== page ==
OM svaroopa svasvabhava.h namo nama.h

If I Were Stranded on an Island…

By Lori (Priya) Kenney

Stranded on a sunny island, able to partake of only one Ashram offering, I’d choose seva.  My seva requires having a computer and being in touch with the Ashram.  I would have my laptop and solar powered batteries, fueled by my faithful companion, El Sol. 

We humans need to act.  I’m quite sure I tried the cave in other lifetimes.  Since I’m here again, I know that didn’t work.  It’s not only my compulsion to “do, do, do,” however, that makes me choose seva.  

Seva is purposeful action directed toward serving Consciousness.  Regardless of the content of my seva, I am serving the Guru.  I do what I’m doing for her and the Ashram.  This focus helps me move toward my goal of making everything I do in service to God/Guru/Self.  When I act from that place, I know tremendous freedom.  I pour my energy and attention into focused action and emerge in the ocean of Consciousness.  No matter my state when I begin, I’m in a better place when I finish.  I am lighter; I’m more my Self.

Thankfully, I’m not limited to only one of the Ashram’s plentiful offerings.  So I also have chosen the priceless offering of the Vowed Order.  Since taking Vratin vows a year ago, I’m aware of undeniable inner steadiness.  The moments of being my Self are continually expanding.  The Vowed Order enabled me to make a more serious commitment to the Guru.  I was devoted to my practices and Gurudevi before taking vows.  Now I know for certain that Gurudevi is my lighthouse.

This commitment and association with like-minded yogis means the most to me.  All are on the path to Self-Realization.  Each reflects the light of Consciousness in a unique way.  Each has a special perspective, a unique wisdom that I learn from.  I am so grateful for the loving support.  I cherish the candor about struggles on the path, the entanglements, frustrations and breakthroughs.  Hearing from these yogis about their spiritual progress and their lives is joyful.  Learning how they are working to merge the two into one beautiful ocean of Consciousness is inspiring.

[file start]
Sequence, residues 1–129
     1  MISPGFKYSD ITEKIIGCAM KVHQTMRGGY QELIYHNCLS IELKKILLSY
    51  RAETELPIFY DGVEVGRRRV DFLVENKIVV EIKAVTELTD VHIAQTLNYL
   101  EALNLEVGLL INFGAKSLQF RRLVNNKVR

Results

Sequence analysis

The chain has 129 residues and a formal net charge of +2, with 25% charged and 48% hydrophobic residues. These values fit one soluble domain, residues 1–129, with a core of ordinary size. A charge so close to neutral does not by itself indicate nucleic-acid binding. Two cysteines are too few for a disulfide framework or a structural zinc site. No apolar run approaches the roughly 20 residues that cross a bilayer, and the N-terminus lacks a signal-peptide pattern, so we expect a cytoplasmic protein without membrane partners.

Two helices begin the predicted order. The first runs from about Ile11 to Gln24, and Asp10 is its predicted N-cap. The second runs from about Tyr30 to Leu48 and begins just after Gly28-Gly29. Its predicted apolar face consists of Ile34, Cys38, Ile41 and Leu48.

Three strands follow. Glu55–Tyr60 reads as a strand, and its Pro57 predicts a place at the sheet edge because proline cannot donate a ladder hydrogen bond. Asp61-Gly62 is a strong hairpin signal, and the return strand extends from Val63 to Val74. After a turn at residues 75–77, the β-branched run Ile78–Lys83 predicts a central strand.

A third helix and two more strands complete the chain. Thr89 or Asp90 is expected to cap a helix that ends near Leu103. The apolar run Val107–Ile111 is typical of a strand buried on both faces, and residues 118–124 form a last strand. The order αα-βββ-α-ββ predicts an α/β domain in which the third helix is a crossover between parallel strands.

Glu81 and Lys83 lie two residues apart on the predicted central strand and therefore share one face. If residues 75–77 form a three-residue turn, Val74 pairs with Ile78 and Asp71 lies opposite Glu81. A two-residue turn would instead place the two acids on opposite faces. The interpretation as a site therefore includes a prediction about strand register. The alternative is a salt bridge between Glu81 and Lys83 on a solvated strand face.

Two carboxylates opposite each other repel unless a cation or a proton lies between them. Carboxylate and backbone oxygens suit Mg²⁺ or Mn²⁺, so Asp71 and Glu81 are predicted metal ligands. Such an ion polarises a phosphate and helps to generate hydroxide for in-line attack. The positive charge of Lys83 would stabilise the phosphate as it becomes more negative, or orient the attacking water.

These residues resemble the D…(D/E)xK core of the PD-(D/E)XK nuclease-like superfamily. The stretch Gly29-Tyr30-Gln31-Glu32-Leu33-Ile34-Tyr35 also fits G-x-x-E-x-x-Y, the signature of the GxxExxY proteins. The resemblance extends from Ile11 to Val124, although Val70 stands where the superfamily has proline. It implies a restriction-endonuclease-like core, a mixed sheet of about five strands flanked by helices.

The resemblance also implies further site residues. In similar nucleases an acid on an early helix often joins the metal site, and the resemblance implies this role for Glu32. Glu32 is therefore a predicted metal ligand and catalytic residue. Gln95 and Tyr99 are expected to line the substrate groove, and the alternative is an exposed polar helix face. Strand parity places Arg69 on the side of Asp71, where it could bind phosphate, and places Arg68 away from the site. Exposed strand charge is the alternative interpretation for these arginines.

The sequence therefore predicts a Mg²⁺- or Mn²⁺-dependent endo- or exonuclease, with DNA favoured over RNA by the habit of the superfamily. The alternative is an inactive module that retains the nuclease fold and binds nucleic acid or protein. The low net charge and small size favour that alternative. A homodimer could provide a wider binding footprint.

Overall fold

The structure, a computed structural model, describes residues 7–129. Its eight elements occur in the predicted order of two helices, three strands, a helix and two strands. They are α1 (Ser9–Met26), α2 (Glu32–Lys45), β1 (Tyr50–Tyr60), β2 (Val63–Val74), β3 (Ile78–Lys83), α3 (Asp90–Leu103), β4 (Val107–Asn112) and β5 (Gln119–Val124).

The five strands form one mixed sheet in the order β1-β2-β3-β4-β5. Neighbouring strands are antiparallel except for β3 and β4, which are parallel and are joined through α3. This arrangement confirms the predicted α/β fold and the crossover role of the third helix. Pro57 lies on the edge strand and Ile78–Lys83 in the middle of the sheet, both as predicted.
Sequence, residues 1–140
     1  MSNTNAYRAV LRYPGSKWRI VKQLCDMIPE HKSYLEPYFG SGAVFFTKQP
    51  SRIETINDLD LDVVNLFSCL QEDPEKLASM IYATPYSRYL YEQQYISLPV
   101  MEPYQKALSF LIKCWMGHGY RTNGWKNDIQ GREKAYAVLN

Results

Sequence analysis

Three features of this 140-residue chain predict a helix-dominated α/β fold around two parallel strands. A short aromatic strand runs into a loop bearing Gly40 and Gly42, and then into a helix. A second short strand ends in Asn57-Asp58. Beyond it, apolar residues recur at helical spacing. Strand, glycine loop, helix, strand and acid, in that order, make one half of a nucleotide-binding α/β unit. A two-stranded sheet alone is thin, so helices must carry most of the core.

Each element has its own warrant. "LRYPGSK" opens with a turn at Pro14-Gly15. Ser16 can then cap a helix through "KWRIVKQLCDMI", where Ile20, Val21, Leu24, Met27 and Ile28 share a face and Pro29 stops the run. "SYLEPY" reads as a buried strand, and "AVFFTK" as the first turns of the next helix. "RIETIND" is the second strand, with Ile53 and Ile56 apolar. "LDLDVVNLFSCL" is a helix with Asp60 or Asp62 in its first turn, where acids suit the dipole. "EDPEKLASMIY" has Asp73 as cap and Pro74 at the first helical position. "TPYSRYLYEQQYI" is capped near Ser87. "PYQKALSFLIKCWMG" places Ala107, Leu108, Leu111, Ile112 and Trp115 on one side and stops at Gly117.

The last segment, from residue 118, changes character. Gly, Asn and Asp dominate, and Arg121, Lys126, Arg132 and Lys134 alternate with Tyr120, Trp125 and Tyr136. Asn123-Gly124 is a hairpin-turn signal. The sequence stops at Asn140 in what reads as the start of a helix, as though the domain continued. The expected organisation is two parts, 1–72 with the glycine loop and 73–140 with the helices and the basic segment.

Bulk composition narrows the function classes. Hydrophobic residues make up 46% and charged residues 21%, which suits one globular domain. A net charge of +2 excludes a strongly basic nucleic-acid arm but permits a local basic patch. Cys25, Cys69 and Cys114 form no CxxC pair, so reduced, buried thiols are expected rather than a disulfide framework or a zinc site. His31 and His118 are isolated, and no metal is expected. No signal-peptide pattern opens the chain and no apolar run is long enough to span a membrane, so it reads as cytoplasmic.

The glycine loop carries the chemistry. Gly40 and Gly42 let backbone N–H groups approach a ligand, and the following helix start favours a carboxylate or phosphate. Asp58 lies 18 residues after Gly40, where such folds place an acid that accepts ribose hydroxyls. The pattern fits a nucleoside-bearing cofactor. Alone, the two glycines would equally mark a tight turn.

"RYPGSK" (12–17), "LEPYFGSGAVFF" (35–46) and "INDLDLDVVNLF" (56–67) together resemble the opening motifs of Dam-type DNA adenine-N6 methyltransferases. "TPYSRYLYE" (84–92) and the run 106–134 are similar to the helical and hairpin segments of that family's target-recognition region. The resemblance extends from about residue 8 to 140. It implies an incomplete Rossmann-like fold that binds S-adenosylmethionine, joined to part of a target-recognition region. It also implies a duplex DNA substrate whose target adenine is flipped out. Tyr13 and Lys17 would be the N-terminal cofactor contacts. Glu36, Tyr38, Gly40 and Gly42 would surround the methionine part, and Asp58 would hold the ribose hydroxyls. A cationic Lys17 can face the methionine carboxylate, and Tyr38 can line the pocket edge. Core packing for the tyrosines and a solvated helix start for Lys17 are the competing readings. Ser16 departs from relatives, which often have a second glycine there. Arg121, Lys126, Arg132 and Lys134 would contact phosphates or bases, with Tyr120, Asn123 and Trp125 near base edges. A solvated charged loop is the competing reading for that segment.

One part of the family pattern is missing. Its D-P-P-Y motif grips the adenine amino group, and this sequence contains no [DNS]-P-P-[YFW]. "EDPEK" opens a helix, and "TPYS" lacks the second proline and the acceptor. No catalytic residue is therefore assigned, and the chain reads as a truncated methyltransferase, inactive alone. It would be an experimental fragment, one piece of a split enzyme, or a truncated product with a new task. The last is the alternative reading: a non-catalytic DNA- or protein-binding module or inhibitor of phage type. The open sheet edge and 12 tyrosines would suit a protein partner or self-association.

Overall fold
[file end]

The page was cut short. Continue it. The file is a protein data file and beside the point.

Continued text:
How I act in the world has changed.  My family notices my increased equilibrium.  This year of Covid and wildfire smoke in the West where I live has been challenging.  Issues in my immediate and extended family have also been taxing.  Even so, I am less reactive.  I am more my Self.  I understand life and the holy process of dying better.  I know my life’s purpose.  I am grateful for the tremendous support of this Vowed Order, headed by Gurudevi with the contributions of our wonderful new swamis and the other vowed members.  It is also a continual reminder and nudge to do the hard stuff.  It keeps me focused on my goal of knowing my Self. 

I benefit from all the Ashram’s offerings.  Yet the online Meditation Club is another highlight.  Rising every day at 3:00 am (Pacific time) to meditate with Gurudevi and other devoted yogis from all over the world is priceless.  Truly, my meditations have deepened, as have I.  This offering is incredible.  Besides chanting and receiving a daily reading from Gurudevi, we’re graced with powerful and mesmerizing pop-up abhisheks.  Periodically, Gurudevi gives a pop-up longer talk.  Saturated with Grace, I sink deeply into the ocean of Consciousness.  Last, but not least, the free Japa Club is a wonderful homecoming.  Along with the Meditation Club, Japa Club gives me the opportunity to Zoom into the Guru’s presence three times a day.  Crashed onto life’s hard rocks, I used to go home to the family farmhouse.  I am so aware how that place is no longer home.  Now it’s the abode of my beloved mother in her final days.  Home is the mantra, the Self, the expansive and limitless ocean of Consciousness.  OM Namah Shivaya.